So my point to that was to let people know that I get it. I get why people act so weird when it comes to death. Death is a tricky thing. You don’t want to take light of the situation because then you look like a heartless jerk, but you don’t want to take it so deep that it just makes the person feel (cry) worse. You have to find that happy medium.

Death is ugly, but it shows true beauty

I feel like I can speak for everyone on that list or anyone dealing with death when I say this. When I got the call that my dad had passed my first thought was “I don’t want to be sad”. I thought I was going to become weak. I thought that the rest of my life IMG_7428would be pure sadness and darkness. But I was wrong. Losing my dad was a wake up call to me. It changed me in ways I didn’t think was possible. I realized I am STRONG. It took some
convincing from Candis, but she wouldn’t let me think anything different and she was right. I don’t think I would be the person I am if it wasn’t for her. Through all 17 years of our friendship she has had my back no matter what. She was/is my rock. I became the person I always wanted to be. I’m not hesitant about my decisions anymore. I just do them. I am more motivated than ever. My dad is my motivation. I knew I would not let death win. It was NOT going to take over me. The sadness, the heartache, that madness, and everything else that comes with death. I wasn’t going to let it consume me. I was going to do everything to make him proud. I found the beauty in death. I learned that I will never be alone.  I don’t complain about the little things anymore, there are far more important/worse things to complain about.

When I talk to my friends I notice they feel the same way. Those people listed above are some of the strongest people I know. You don’t understand what “strong” means until you experience something traumatic in your life, whatever that may be. Strong doesn’t mean that we don’t show emotion or get upset, it’s a different kind of strong and it’s hard to explain. The type of strong that I see through each of them is something you should strive for. They’re caring, more caring than anyone I’ve ever met. They are understanding. Each of them are selfless. They would go above and beyond just see someone smile. Most of all each of them are open-minded, understanding, and accepting. We bend but don’t break. I will be forever grateful for them. Unknown.jpg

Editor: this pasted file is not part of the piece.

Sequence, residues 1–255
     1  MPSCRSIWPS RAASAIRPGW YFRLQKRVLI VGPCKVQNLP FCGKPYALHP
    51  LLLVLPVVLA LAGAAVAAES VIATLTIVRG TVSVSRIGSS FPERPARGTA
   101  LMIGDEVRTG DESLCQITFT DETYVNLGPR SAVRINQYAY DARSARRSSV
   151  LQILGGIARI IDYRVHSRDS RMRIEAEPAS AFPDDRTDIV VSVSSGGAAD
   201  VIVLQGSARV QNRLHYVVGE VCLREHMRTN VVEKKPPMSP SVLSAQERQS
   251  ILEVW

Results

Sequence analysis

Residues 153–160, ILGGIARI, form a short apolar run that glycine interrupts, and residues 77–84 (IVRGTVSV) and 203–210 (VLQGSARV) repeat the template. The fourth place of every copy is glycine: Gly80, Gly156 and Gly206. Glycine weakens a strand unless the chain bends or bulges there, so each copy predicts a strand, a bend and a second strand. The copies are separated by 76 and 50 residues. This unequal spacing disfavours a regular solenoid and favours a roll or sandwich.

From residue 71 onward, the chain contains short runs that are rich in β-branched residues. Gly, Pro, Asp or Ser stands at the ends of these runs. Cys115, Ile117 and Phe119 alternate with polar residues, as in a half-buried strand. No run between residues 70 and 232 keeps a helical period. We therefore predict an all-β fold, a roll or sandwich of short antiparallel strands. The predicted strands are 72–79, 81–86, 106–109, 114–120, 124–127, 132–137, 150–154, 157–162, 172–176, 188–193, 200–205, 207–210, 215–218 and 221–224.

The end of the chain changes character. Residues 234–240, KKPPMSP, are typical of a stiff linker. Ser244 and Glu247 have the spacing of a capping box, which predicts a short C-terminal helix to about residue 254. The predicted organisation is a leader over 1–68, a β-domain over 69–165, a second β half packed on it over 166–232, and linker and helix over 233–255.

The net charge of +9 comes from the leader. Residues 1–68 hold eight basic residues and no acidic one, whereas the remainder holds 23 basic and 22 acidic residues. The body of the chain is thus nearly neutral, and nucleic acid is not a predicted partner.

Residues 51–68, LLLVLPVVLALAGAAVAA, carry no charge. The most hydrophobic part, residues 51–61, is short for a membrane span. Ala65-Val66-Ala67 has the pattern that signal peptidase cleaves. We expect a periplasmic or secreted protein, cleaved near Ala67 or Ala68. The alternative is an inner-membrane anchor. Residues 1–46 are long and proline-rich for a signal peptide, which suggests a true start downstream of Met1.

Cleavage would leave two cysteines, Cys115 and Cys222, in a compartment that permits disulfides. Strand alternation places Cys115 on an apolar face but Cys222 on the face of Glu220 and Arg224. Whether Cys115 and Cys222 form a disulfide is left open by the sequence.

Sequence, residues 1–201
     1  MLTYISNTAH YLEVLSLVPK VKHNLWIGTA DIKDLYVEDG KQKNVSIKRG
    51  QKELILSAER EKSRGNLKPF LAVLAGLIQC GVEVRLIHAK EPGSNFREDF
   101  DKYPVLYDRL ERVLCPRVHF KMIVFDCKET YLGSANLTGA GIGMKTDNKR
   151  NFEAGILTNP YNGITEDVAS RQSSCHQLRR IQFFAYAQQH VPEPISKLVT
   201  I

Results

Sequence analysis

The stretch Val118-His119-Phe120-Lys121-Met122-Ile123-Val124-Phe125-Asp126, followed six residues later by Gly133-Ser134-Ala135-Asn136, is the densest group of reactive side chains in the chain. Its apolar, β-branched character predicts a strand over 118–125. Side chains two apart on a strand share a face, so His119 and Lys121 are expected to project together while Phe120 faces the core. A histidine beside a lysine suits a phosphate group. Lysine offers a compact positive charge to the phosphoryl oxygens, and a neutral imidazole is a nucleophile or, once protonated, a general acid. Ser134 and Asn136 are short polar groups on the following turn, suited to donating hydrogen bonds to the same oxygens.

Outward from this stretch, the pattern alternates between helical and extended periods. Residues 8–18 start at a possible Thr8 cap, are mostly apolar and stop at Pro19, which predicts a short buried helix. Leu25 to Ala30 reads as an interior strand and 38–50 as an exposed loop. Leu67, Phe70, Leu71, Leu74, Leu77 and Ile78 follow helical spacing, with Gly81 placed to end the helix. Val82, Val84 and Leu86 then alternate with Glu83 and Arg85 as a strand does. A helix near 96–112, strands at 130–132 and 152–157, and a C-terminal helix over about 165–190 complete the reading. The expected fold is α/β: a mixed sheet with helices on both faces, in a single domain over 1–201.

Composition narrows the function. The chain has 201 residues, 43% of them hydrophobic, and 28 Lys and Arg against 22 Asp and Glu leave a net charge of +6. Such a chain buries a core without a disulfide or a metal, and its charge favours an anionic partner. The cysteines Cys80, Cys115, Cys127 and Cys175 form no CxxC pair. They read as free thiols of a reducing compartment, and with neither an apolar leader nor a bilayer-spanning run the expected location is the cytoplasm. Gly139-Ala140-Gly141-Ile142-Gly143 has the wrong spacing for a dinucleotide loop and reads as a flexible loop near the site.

We take back our power.

Embrace the change.

Face our fears.

Respect the new normal. 

“Some of us think holding on is being strong but sometimes it’s letting go”

                                                                                                             -Hermann Hesse

Isaiah 40:31


So as I’m sitting here on a Friday night wearing one of my dads tshirts I figured I’d give y’all a lil somethin’ somethin’. People I’m not writing this to have a pity party or anything. I’m writing this because like I said in my about me I’m better at expressing myself when I don’t actually have to speak. (ask anyone)